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Just a few of the many gifts from Susan, and also the “You Go Girl” pictured above.

When I met her, Susan was working at a Hallmark card store.  What a perfect place for her to work.  Even after she quit working, I got cards in the mail for my birthday, for Christmas, and sometimes just because she was thinking of me.  I have mementos all over my house of the sweet little gifts she would give me.  These are reminders of our sweet friendship.

When I was struggling to pull my life together, Susan was always encouraging me.  I had finally decided it was time for me to start attending church again.  I would get up Sunday morning with good intentions, drive my car to a church I wanted to visit, and then panic would set in, and I would turn the car around and go home.  I shared this struggle with Susan, and she told me not to get down on myself.  She said, “When you are ready, God will get you there.”  She was right!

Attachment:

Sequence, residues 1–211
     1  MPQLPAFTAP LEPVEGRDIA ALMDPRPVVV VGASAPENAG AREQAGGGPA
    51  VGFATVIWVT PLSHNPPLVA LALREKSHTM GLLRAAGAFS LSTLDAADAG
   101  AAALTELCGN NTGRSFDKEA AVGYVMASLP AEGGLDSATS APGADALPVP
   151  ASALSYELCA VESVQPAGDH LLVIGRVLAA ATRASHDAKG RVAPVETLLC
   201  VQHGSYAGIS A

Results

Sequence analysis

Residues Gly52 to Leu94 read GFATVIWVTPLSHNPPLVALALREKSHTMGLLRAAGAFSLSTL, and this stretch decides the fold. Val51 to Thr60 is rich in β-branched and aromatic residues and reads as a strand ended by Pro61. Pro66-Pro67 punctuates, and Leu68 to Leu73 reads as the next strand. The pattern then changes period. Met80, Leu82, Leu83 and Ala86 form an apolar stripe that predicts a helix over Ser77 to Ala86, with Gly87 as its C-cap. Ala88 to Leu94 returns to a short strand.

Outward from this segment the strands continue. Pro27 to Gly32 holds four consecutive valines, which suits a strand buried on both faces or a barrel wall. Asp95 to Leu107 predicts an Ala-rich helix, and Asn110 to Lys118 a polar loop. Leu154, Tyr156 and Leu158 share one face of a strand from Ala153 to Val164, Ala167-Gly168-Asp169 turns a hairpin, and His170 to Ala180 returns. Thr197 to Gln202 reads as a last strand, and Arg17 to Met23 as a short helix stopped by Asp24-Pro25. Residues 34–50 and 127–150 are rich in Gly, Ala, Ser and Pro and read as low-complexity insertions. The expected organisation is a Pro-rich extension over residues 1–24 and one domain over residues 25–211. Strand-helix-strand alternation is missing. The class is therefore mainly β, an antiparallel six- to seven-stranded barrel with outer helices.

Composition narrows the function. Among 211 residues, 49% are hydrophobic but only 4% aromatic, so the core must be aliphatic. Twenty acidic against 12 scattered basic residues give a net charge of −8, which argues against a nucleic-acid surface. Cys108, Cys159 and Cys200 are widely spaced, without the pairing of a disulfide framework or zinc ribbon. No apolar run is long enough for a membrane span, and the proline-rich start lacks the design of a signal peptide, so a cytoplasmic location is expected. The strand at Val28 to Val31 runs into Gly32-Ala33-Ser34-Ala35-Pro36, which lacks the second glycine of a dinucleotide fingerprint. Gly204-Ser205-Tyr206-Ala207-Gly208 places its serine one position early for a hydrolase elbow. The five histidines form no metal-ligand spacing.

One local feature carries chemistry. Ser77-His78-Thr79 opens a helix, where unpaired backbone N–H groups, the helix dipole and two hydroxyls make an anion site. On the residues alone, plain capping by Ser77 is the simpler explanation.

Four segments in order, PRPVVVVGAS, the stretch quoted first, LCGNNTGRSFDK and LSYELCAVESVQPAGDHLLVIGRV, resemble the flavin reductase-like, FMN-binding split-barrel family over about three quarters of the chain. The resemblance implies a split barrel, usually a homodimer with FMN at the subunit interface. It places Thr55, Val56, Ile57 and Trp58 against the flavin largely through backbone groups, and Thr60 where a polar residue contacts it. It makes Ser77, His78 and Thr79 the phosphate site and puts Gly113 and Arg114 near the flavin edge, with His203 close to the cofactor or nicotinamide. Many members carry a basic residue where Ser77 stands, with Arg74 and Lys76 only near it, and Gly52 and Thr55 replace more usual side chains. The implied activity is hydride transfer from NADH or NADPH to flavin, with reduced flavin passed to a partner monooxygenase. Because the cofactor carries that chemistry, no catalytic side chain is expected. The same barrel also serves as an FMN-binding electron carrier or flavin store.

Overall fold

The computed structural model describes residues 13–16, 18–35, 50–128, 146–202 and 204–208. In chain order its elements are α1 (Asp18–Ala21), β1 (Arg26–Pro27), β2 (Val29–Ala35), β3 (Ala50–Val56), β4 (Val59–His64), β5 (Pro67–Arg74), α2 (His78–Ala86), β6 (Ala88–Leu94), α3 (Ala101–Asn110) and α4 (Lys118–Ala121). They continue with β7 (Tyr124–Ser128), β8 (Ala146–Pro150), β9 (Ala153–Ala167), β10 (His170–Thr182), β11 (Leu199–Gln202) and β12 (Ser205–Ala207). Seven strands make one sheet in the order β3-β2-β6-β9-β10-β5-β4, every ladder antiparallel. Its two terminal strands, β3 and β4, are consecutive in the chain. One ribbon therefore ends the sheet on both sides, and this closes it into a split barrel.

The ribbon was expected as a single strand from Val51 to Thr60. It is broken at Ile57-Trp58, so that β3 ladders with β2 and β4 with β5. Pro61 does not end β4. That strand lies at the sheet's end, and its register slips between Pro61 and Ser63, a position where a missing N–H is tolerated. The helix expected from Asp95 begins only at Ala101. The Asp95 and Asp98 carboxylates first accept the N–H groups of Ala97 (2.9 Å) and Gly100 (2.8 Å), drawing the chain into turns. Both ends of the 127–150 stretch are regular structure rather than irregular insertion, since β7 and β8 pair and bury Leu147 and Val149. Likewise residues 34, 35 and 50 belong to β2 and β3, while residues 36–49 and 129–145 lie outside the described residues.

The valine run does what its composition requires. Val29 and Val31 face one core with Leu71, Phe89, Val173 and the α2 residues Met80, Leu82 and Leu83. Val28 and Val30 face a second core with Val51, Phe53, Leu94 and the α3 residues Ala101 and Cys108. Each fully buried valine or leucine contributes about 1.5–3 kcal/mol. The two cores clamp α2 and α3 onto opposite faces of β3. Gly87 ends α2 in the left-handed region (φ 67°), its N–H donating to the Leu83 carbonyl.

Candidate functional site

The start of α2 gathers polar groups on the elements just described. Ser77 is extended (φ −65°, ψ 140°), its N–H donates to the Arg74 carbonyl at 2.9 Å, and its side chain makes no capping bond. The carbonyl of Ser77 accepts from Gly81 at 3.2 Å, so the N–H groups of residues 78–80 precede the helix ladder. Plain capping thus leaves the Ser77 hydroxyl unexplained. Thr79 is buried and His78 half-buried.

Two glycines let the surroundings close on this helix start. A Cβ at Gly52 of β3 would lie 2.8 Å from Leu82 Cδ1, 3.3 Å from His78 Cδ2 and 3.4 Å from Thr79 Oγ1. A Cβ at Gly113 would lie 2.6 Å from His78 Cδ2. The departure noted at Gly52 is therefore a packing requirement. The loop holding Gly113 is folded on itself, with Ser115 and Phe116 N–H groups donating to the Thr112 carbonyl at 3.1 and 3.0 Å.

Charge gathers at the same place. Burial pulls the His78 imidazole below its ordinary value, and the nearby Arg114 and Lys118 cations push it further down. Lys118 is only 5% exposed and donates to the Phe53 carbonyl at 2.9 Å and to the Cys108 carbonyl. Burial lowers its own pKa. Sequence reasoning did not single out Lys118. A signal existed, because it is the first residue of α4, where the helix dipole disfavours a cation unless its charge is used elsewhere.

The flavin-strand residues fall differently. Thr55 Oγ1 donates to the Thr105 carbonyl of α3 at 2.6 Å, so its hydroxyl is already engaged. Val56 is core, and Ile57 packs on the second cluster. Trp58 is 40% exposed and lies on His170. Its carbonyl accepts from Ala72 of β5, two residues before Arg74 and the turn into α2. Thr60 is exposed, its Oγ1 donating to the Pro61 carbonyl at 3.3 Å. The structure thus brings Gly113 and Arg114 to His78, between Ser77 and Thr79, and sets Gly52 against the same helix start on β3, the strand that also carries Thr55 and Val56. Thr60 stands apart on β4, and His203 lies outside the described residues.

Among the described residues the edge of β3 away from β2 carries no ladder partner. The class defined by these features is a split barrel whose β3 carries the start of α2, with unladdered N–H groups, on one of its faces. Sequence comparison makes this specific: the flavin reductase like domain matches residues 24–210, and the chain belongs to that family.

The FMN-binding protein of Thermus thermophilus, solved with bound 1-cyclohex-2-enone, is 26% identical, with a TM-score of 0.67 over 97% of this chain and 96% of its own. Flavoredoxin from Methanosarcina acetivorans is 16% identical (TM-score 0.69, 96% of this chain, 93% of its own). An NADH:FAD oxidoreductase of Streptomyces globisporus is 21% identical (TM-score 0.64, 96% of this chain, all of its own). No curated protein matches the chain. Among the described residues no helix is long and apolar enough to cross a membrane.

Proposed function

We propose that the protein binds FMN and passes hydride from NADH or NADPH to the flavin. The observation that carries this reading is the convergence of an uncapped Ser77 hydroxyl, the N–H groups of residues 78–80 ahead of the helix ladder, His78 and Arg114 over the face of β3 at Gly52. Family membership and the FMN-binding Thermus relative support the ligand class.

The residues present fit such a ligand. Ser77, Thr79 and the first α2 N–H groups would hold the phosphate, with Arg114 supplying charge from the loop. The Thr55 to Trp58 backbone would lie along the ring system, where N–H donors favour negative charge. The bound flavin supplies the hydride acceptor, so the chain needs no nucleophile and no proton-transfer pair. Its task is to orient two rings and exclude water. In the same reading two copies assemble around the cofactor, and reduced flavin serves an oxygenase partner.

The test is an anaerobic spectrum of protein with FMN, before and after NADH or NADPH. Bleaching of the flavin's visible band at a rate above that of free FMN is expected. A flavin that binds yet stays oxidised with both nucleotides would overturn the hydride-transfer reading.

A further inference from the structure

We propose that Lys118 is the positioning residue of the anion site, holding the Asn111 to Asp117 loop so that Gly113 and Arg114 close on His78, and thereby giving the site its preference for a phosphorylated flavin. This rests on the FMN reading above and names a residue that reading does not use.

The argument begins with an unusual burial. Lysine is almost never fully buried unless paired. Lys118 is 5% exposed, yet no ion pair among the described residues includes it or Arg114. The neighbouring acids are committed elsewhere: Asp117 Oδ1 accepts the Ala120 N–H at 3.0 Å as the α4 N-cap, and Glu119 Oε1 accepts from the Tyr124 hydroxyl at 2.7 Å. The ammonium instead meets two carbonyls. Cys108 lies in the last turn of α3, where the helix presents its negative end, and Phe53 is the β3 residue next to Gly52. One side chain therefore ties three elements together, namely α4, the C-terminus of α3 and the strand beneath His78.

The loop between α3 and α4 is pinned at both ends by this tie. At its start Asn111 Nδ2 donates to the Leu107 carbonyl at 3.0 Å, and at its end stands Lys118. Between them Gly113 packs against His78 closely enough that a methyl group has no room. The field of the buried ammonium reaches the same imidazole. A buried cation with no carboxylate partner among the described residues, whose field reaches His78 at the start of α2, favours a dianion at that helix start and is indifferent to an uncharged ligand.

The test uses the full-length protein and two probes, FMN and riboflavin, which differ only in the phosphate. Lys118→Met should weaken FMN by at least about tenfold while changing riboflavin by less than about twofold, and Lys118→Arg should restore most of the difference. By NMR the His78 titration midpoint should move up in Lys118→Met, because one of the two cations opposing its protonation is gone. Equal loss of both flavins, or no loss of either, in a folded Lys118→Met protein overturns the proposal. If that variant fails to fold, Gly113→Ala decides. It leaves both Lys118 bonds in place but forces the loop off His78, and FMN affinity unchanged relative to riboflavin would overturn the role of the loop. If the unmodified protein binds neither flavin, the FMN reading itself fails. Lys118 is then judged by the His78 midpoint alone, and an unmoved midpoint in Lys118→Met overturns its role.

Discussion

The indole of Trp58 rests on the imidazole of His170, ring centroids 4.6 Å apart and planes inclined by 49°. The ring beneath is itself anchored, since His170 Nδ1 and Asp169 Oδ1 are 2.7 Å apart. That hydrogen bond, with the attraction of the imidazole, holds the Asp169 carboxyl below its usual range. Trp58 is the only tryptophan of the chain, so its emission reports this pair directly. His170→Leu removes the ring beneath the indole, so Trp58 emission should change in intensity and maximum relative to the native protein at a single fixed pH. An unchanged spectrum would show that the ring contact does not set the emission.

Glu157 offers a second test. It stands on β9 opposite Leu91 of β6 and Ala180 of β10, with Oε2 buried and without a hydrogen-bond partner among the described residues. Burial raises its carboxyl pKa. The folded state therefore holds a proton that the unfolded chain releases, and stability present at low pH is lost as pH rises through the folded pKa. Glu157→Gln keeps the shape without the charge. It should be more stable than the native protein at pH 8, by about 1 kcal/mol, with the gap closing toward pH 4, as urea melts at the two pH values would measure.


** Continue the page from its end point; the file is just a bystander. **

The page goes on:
Like my mom, Susan never said a bad word about anyone.  She loved people deeply, and people were drawn to her kindness.  To me, she had friends coming out of the woodwork.  I am sure every one of them felt as special as I did.

What would I say to her if I could tell her just one thing?

Thanks, Susan, for your devoted friendship, for all the great lunches and dinners together, for your sweetness and kindness to everyone who you met.  I hope I can be as kind and as generous to others as you have been to me

Both of these women (my mom and Susan) were quiet in the background kind of people.  They loved deeply, and they had generous hearts.  I am so much richer today because of these two very special women in my life.

Who would you want to thank?  Are they still with you today?  Tell them in person, if you can.  It will mean so much to them, and to you.